Sanctuary For Seals — Navy A-6S Should Stop Bombing Sea Lion Rocks

Editorials & Opinion: Saturday, August 03, 1991



I would like to offer another way for the Navy to improve its public relations in response to Patrick Pilcher’s July 23 op-ed piece on why the Blue Angels should not fly at Seafair. Stop using Sea Lion Rocks within the Copalis Wildlife Refuge off Washington’s wilderness coastline for aerial target practice.

These islands have been recognized for their wildlife value since 1907 when President Theodore Roosevelt established them within a refuge. However, the Navy was given permission to bomb five islands by the secretary of interior during World War II.

In 1949, the Navy was granted use of Sea Lion Rocks only. When the Navy wanted to expand its Olympic Military Operating Area in 1978, the Fish and Wildlife Service was unaware the Navy still bombed the islands.

Since that time, the Fish and Wildlife Service, in conjunction with numerous conservation organizations, have tried to stop the needless harassment of bird and mammal populations.

The Whidbey-based A-6 bombers fly at 500 miles an hour at just 500 feet above their targets, causing major disturbances on surrounding islands as well.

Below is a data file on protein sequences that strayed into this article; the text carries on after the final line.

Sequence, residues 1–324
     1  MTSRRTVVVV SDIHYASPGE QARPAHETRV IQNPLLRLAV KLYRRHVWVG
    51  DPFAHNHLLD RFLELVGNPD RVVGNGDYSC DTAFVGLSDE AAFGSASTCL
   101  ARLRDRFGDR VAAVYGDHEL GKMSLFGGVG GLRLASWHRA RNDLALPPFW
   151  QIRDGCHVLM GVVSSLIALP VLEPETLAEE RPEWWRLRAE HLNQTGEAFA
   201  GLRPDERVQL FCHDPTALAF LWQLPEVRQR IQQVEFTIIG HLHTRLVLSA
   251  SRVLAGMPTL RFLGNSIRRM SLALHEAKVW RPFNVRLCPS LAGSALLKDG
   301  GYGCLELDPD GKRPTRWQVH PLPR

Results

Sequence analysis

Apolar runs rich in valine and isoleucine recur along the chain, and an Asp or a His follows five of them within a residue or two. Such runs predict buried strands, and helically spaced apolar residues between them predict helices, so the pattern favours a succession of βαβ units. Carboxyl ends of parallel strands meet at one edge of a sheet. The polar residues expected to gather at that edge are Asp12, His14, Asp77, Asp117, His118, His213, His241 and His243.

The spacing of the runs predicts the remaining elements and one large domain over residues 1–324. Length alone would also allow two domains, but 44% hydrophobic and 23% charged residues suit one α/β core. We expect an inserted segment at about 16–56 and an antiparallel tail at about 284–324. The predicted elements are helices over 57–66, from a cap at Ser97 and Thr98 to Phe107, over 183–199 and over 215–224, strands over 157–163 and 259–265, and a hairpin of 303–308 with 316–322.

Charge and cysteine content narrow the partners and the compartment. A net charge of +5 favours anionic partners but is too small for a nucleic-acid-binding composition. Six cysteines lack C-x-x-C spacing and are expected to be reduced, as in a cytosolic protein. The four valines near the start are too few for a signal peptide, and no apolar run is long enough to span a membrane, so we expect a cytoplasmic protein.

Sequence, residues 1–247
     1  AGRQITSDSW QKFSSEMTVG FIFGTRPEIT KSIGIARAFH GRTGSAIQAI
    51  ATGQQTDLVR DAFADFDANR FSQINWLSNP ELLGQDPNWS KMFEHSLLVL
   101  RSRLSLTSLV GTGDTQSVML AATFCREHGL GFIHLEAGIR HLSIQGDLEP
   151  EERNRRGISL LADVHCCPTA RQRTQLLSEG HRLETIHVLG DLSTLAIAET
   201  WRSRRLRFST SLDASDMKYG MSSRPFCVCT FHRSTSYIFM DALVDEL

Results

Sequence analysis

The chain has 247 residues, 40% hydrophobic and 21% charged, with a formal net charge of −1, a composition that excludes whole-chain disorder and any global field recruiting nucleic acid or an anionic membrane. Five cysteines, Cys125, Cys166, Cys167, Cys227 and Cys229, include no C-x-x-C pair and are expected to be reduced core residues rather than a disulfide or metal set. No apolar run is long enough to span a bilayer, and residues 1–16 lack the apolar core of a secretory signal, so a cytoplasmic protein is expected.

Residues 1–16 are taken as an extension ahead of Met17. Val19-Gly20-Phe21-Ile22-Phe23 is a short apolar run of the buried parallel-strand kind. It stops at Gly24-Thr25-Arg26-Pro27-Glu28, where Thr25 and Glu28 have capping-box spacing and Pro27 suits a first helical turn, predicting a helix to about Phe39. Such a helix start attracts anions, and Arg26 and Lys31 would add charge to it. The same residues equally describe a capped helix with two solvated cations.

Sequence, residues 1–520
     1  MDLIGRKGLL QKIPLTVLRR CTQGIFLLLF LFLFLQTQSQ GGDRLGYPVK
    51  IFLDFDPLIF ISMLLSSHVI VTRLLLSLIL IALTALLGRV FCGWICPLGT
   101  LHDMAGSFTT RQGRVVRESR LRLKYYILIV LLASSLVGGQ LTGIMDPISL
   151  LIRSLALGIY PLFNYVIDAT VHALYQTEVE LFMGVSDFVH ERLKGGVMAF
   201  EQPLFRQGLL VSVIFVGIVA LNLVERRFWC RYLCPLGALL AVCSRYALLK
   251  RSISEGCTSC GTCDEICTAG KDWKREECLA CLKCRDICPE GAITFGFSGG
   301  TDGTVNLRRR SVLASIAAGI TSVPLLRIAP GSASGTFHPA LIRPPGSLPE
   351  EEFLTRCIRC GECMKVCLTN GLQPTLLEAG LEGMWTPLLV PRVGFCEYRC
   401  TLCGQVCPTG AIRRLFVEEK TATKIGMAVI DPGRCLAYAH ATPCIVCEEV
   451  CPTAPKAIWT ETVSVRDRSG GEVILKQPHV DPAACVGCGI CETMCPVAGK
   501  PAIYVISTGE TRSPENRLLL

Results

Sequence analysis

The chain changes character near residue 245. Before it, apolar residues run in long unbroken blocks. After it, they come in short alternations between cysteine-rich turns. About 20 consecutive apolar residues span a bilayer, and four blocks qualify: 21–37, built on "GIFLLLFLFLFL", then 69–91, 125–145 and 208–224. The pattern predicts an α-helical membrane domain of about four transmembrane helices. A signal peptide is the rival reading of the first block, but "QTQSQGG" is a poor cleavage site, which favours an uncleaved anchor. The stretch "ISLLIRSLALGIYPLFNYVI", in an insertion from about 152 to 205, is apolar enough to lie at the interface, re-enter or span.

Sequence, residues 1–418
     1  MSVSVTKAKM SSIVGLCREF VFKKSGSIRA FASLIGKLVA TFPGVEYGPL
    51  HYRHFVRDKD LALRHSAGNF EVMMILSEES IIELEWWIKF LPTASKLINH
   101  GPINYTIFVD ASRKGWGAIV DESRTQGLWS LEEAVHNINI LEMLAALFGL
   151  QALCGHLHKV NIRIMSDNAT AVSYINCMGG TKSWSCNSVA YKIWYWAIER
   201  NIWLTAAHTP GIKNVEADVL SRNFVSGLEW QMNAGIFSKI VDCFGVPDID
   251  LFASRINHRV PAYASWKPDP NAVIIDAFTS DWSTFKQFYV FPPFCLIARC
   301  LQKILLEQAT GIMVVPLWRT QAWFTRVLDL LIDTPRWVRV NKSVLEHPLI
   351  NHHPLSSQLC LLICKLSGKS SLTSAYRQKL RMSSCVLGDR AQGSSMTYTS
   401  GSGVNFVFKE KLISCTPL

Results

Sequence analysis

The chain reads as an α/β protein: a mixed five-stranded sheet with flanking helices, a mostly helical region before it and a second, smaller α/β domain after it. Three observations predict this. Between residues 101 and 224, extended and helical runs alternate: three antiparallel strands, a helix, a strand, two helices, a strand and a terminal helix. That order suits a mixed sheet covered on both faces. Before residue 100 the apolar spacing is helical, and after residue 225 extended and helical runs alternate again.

A wildlife biologist from the Fish and Wildlife Service has observed the complete abandonment of neighboring Split and Willoughby Islands by their once-abundant cormorant and murre colonies.

The perfect vehicle for instilling a regulation on the Navy is before us with the Outer Coast National Marine Sanctuary. However, it will be up to the leadership of our congressional representatives to see that the regulations are adequate to protect a coastline like no other in the world. – Fred Felleman, Seattle; conservation biologist, American Oceans Campaign

Copyright (c) 1991 Seattle Times Company, All Rights Reserved.

~ by fredfelleman on August 3, 1991.

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